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3.40 pm

Mr. Stephen Crabb (Preseli Pembrokeshire) (Con): It is a pleasure to participate once again in the annual, not-quite-St. David’s day debate on Welsh affairs, and it is a privilege to follow the former Secretary of State for Wales, the right hon. Member for Neath (Mr. Hain), who was economical with the time allocated, and made an extremely important point about the importance of home-grown, Welsh-produced television for an English language audience in Wales.

The backdrop to the debate is, as right hon. and hon. Members have already said, the deteriorating economic picture facing Wales, the UK and the entire world. I was still a member of the Select Committee on Welsh Affairs when it began scoping out its inquiry into the globalisation report, which is one of the background documents to the debate. The economic scenario that we were considering two years ago seems very different to the one we are facing now. Looking back, it is interesting to note that what many of us regarded then as underlying strengths of the economy now look illusory, built as they were on piles of unsafe, risky debt.

The report also highlights the fact that what hon. Members from all parties recognise as underlying continuing weaknesses in the Welsh economy now look even more troubling and disturbing. I am thinking of the growing pool of people not in education, employment or training, the persistent problem of worklessness and a rate of people claiming incapacity benefit in Wales that is higher than the national average. Some deep-seated economic issues have to be tackled, and the current economic downturn makes that more difficult.

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It was interesting and useful to hear the Secretary of State outline all the measures that the Government and the Welsh Assembly Government are taking to assist Welsh businesses, but I reiterate the point that I made earlier. The data that we are seeing from Wales so far do not suggest that the Welsh economy is any more resilient to the downturn than other parts of the UK. I am thinking, for example, of the recent RBS purchasing managers index report, which is a monthly monitor of the state of business activity in Wales. The most recent report shows the eighth consecutive month of a significant contraction of private sector business activity in Wales, which is very concerning.

At the end of January, the First Minister of Wales, Rhodri Morgan, said that he had “no idea” when the recession would end. That is probably a more realistic assessment than the one underpinning the pre-Budget report in December, which forecast the UK effectively bouncing out of recession six months from now. No one would regard that as a realistic economic forecast now. The truth is that we do not know when the recession will end, and it could be a long haul indeed for the Welsh economy and Welsh businesses. We all hope that better times lie ahead, however, and fundamental to that, and to reorienting and rebalancing the Welsh and UK economy, is focusing as never before on world-class skills and education. That issue has been flagged up already, and it was good to see that skills featured strongly in the Welsh Affairs Committee’s report on globalisation.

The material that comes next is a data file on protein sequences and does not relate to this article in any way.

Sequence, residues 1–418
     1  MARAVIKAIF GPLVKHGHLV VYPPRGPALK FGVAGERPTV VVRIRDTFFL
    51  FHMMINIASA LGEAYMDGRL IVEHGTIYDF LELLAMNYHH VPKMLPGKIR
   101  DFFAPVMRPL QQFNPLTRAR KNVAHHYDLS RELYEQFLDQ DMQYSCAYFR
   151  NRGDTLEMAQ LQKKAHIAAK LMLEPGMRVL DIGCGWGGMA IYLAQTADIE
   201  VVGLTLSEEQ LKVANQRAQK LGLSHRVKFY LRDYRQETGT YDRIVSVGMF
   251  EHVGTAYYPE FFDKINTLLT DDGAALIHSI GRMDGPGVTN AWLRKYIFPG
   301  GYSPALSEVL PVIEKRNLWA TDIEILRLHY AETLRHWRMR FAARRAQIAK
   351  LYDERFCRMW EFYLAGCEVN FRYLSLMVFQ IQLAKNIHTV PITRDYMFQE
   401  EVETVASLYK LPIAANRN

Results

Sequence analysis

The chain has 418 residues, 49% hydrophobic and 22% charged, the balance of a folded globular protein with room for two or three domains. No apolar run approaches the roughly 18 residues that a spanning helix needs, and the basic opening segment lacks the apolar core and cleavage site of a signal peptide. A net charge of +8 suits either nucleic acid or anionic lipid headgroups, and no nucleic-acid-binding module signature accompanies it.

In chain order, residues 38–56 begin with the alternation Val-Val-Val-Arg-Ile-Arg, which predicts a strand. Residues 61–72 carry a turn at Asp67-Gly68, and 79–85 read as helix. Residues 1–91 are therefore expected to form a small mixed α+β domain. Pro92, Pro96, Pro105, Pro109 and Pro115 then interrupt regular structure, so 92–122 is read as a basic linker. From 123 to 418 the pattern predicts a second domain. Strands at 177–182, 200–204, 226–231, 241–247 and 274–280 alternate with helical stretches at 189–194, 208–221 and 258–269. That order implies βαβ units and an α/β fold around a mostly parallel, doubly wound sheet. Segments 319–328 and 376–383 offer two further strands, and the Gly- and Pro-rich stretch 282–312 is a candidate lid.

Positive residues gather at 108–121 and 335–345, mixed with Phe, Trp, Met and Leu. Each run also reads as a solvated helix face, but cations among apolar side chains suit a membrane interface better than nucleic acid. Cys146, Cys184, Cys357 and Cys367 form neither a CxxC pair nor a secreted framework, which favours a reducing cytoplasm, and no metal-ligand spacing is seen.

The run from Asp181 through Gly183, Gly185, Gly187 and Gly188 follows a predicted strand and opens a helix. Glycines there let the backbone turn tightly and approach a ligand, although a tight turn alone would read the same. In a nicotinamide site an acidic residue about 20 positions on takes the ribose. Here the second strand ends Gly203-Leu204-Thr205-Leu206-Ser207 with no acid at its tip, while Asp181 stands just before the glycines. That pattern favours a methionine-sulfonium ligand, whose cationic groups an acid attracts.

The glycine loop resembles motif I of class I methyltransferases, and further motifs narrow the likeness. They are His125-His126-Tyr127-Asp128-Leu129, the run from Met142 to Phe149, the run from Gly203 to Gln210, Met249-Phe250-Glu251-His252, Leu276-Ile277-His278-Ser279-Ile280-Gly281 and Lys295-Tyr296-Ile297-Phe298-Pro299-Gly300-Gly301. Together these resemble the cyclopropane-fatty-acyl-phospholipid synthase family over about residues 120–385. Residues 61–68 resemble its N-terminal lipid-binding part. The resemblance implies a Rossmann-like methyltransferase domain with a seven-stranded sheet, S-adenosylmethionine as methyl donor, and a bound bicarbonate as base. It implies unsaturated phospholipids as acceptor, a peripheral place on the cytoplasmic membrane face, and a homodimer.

In the time that I have, I would like to make a few brief points, the first of which concerns further education. That was already highlighted by the powerful speech of the hon. Member for Ceredigion (Mark Williams), who spoke about some of the pressures facing the further education sector in Wales. The umbrella body for further education colleges in Wales, fforwm, predicts that about 450 jobs will have to be lost from further education colleges in Wales in the next 12 months as a result of the cut of about £3 million that is being made to further education this year. At a time when we need to focus even harder on the skills agenda to help the Welsh work force adjust to the challenges of the recession, the further education budget is actually being cut. My local college, Pembrokeshire college, is consistently the most successful beacon award winner in the UK, having notched up seven beacon awards in the past six years as recognition of its innovative and effective approaches to further education. In the next 12 months, there will be a 1 per cent. reduction in its budget at a time when it should be expanding the courses that it offers and the skills training that it delivers to the people of west Wales. That picture in my constituency is replicated right across Wales, with further education colleges having to make cuts at a time when they should be thinking about how they can expand services to help their local areas.